For you Greek-geeks, in all of these verses the word for "peace" is εἰρήνη (eirēnē). It denotes a cessation of conflict; a quietness of spirit and an absence of hostility or disharmony. Qualitatively, the "peace" spoken of in Scripture is the same thing - but there are different ways in which the believer can experience peace. It is entirely possible to lack the peace of Christ, even while positionally being at peace with God (because of the Cross). If we truly have the peace that comes from yielding our lives to Christ, it will show up in the way we respond to trial.

We do not have to beg God to give us this quality of deep harmony and grace to deal with unexpected demands; it is a fruit of the Spirit. It is a by-product of simply surrendering our will, minds and desires to Him and learning to rest in His love. When we feel that we've "lost" that peace - anxiety, worry, depression or spiritual apathy has set in - it is usually a result of moving away from the quiet, intimate presence of the prayer closet. If we "take back" areas of our life and place too much importance on an area that is not GOD's first priority, we feel that loss of peace as stress or disharmony. We feel distant from God.

One thing I have learned through study and counseling women is that depression and anxiety are actually a refusal to bend the knee to Christ. Rather than simply accepting that God is in sovereign control of our lives and has our best interest at heart, (even when our "best" is not enjoyable), the depressed individual chooses to believe lies of Satan. She essentially becomes her own god, dwelling on the "vain imaginings" of her self-absorbed heart rather than the revealed truth of God's Word. Self-absorption, lack of peace over feeling slighted, unforgiveness and attention-vying tactics are all manifestations of pride (Stuart Scott has an excellent booklet on this subject, available from Focus Publishing).

What is honestly amazing (and convicts, inspires and encourages me) is that the Christians I know who have suffered true adversity and tragedy are, incredibly, the ones who experience the deepest, purest peace of Christ in their lives. I do NOT say that they are always happy-clappy folks who never shed a tear; not do they hide their emotions and refuse prayer and tangible support from other believers (that would also be prideful). However, the witness they have displayed by their steadfast, unwavering faith in God's goodness is staggering. I know one woman (a Christian blogger) whose husband was imprisoned for several years, while she raised their son in the love of the Lord. Her life has been quite difficult, especially around the holidays when many of us take our families and provision for granted. She grew ever closer to the God Who always provided; always comforted (although not always immediately). A woman in my church (a fellow Bible study leader) lost her 18-year-old son to brain cancer last February. I cannot imagine what she is growing through this month, but she is always sharing the love of God - inside church and out. Her e-mails of God's sustaining faithfulness convict me - how often have I doubted Him, or taken Him for granted?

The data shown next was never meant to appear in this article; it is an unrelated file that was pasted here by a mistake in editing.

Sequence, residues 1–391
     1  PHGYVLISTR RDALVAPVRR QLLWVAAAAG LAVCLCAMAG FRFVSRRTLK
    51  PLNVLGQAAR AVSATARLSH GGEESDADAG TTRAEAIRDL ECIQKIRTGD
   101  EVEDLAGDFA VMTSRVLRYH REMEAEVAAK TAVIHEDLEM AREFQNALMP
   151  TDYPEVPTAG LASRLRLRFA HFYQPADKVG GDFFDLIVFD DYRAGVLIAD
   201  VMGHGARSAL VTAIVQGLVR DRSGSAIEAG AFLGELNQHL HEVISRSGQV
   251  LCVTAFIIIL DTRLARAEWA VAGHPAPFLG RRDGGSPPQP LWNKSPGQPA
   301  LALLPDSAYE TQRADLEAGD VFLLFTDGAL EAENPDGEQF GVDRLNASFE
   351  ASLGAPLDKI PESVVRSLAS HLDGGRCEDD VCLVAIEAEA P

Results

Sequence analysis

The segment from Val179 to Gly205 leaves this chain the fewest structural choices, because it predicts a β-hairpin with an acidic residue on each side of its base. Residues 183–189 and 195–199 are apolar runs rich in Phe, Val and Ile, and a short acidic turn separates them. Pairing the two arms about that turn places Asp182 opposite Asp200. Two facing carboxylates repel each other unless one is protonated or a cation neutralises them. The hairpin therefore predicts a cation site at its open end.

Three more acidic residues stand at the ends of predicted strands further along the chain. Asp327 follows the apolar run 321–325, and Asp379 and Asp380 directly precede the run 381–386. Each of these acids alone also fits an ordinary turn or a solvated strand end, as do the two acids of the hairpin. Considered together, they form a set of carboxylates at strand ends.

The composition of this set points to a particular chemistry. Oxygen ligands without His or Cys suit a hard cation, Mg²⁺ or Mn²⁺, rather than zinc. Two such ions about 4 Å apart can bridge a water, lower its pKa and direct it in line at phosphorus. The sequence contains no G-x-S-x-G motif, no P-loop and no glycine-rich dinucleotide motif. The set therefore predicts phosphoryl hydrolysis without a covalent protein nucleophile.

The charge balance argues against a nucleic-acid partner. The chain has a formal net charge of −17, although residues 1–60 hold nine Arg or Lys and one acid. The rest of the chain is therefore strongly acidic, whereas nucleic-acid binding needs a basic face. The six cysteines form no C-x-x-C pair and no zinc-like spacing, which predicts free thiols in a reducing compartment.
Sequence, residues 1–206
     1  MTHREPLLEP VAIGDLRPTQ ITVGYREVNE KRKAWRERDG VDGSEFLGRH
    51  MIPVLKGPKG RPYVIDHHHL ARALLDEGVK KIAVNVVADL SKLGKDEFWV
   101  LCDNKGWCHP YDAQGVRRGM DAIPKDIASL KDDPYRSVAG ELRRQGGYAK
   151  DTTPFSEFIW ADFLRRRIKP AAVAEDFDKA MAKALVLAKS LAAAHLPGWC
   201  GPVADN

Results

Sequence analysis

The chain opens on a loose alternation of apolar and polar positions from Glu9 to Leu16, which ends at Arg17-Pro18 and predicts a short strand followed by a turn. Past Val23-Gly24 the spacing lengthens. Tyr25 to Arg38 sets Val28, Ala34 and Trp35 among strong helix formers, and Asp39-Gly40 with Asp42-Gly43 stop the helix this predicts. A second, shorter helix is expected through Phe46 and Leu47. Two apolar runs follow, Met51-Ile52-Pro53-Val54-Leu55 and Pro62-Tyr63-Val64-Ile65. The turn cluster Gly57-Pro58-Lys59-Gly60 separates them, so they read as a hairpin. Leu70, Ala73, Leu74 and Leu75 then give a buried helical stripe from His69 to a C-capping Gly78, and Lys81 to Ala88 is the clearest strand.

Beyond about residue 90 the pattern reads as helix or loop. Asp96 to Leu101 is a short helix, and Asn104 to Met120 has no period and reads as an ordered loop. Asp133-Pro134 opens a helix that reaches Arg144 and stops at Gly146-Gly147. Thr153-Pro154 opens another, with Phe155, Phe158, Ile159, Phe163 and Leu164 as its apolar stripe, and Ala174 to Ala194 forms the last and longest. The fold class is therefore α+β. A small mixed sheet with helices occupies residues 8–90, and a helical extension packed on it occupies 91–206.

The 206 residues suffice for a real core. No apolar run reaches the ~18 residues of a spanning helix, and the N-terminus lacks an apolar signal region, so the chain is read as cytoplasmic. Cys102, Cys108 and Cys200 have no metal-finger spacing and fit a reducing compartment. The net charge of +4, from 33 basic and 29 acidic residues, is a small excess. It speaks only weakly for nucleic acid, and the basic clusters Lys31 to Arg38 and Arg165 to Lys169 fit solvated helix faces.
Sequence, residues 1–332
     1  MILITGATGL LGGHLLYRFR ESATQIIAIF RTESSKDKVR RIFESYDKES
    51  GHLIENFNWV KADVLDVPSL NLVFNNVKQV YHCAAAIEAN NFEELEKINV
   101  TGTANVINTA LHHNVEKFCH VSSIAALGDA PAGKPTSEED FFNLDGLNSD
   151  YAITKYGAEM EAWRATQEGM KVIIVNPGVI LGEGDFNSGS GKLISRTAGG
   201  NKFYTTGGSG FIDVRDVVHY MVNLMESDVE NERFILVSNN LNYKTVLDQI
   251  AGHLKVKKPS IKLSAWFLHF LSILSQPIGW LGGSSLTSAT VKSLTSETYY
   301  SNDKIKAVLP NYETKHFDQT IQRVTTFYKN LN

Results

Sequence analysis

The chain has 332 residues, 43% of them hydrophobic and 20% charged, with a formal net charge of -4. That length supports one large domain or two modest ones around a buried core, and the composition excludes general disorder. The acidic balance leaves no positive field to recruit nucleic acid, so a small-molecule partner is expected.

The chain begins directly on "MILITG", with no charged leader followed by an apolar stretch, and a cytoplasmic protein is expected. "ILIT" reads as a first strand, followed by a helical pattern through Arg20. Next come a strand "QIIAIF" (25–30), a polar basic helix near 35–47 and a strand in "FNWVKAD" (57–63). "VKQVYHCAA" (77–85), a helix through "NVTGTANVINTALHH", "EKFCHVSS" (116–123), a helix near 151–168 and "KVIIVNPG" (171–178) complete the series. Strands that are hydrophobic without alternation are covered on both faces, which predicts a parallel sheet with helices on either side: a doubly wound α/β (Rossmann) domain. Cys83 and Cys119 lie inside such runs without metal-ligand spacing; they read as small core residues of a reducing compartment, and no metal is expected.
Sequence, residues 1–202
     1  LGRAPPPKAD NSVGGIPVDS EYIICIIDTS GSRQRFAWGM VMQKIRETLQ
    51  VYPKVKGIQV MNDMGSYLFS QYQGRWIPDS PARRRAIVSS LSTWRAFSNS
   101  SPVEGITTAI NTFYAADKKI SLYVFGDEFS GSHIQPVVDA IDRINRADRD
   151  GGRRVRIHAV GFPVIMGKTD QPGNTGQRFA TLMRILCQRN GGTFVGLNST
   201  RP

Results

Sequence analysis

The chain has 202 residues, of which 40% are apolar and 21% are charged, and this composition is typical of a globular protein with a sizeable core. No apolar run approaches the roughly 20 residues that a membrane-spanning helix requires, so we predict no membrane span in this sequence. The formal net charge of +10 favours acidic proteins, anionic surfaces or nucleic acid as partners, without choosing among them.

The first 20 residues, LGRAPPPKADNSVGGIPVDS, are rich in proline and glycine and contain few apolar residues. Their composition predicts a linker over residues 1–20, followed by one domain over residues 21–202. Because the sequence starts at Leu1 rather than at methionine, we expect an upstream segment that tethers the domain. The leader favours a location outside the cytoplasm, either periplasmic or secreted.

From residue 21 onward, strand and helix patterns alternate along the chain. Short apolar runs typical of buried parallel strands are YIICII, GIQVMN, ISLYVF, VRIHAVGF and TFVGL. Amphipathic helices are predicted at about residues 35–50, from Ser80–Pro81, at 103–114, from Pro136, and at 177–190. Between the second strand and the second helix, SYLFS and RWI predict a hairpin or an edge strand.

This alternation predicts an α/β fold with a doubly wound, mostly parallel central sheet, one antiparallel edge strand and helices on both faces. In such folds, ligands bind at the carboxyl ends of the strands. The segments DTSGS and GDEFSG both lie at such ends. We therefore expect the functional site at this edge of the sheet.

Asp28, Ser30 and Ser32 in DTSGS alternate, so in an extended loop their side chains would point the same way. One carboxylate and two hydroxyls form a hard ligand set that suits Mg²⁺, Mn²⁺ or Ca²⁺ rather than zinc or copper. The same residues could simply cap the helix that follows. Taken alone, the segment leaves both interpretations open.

Neither of these women have slid into despair or depression. Neither have grown cold spiritually, sought attention, or slid into the deadly trap of self-pity. Often, the most depressed, melodramatic believers with the weakest faith are those with the least to be morose about. They have, in many cases, recreated a "jesus" in their own image - and their faith is built on the sand of emotionalism. Morbid introspection replaces fixing one's eyes on Christ, "the author and perfecter of our faith" (Hebrews 12:2). This type of faith will never result in the peace of Christ; it will always be fluid and dependent on one's fickle feelings because it puts one's self at the center. This is why reading and studying the Bible is so important to one's spiritual growth.

This Christmas season, no matter where you are in your faith or how long God's favor has rested on you, I pray that you will know the peace Christ offers you in Him. Sit at His feet and learn from Him, for He is gentle and humble in heart (Matthew 11:29). Find that rest for your soul, and once refreshed you will be a more productive servant for His glory. Keeping your eyes fixed on Him and abiding in His steadfast love will produce a beautiful, glowing light in your heart much brighter than the lights of a Christmas tree.

The peace of Luke 2:14 is yours forever if you belong to Christ. Whether you posses the peace of Christ He offers in John 14:27b is up to you.